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Academic institutions are starting to recognize the growing public interest in digital humanities research, and there is an increasing demand from students for formal training in its methods. Despite the pressure on practitioners to develop innovative courses, scholarship in this area has tended to focus on research methods, theories and results rather than critical pedagogy and the actual practice of teaching. The essays in this collection offer a timely intervention in digital humanities scholarship, bringing together established and emerging scholars from a variety of humanities disciplines across the world. The first section offers views on the practical realities of teaching digital humanities at undergraduate and graduate levels, presenting case studies and snapshots of the authors’ experiences alongside models for future courses and reflections on pedagogical successes and failures. The next section proposes strategies for teaching foundational digital humanities methods across a variety of scholarly disciplines, and the book concludes with wider debates about the place of digital humanities in the academy, from the field’s cultural assumptions and social obligations to its political visions. Digital Humanities Pedagogy broadens the ways in which both scholars and practitioners can think about this emerging discipline, ensuring its ongoing development, vitality and long-term sustainability.

Material Type: Textbook

Author: Brett D. Hirsch

Digital Technology and the Practices of Humanities Research

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How does technology impact research practices in the humanities? How does digitisation shape scholarly identity? How do we negotiate trust in the digital realm? What is scholarship, what forms can it take, and how does it acquire authority? This diverse set of essays demonstrate the importance of asking such questions, bringing together established and emerging scholars from a variety of disciplines, at a time when data is increasingly being incorporated as an input and output in humanities sources and publications. Major themes addressed include the changing nature of scholarly publishing in a digital age, the different kinds of ‘gate-keepers’ for scholarship, and the difficulties of effectively assessing the impact of digital resources. The essays bring theoretical and practical perspectives into conversation, offering readers not only comprehensive examinations of past and present discourse on digital scholarship, but tightly-focused case studies. This timely volume illuminates the different forces underlying the shifting practices in humanities research today, with especial focus on how humanists take ownership of, and are empowered by, technology in unexpected ways. Digital Technology and the Practices of Humanities Research is essential reading for scholars, students, and general readers interested in the changing culture of research practices in the humanities, and in the future of the digital humanities on the whole.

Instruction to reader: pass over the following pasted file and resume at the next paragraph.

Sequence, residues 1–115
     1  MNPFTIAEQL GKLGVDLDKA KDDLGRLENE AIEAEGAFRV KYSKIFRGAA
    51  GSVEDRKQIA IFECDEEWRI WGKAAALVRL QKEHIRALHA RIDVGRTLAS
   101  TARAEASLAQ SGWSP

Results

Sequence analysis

Material Type: Textbook

Author: Jennifer Edmond

Digital Project Preservation Plan: A Guide for Preserving Digital Humanities / Digital Scholarship Projects

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A Digital Project Preservation Plan is designed to help with organizing preservation efforts for digital projects. Initially drafted as a companion guide meant to fill the gap on best methods for preserving digital scholarship or digital humanities projects, it can also be applied to digital projects outside the humanities. This preservation plan is most beneficial to those digital humanities (DH) project creators who need guidance on how to start a digital project with preservation in mind. Although the DH community has shared resources and case studies, the examples available tend to focus on DH development, and less on DH preservation. These resources are also located in disparate locations. The Digital Project Preservation Plan is a singular guide, focusing on DH preservation, as a starting point with references to more resources and related DH practices. This is a working document, available to practitioners in whole or part; ideally, it will be used in the early stages of project planning and consulted and revised regularly. The preservation infrastructure should be designed and built as a collaborative effort from the beginning of the project. As priorities, methods and technologies change, the preservation plan will need to be updated and modified accordingly. This book has been used in humanities (history) and media courses but is applicable to any course that has digital/web project components. The Table of Contents for this publication includes: Summary, Project Charter, Digital File Inventory, Additional Considerations, Preservation Plan-A Summary and Checklist, References/Plan Resources, Appendix A: Project Charter, Appendix B: Digital File Inventory, Appendix C: Project Profile, Appendix D: Collaborators Web Publishing Agreement, Appendix E: Universal Design Checklist, Appendix F: Preservation Guidance Checklist, and the Glossary.

Material Type: Reading, Student Guide, Teaching/Learning Strategy, Textbook

Author: Miller A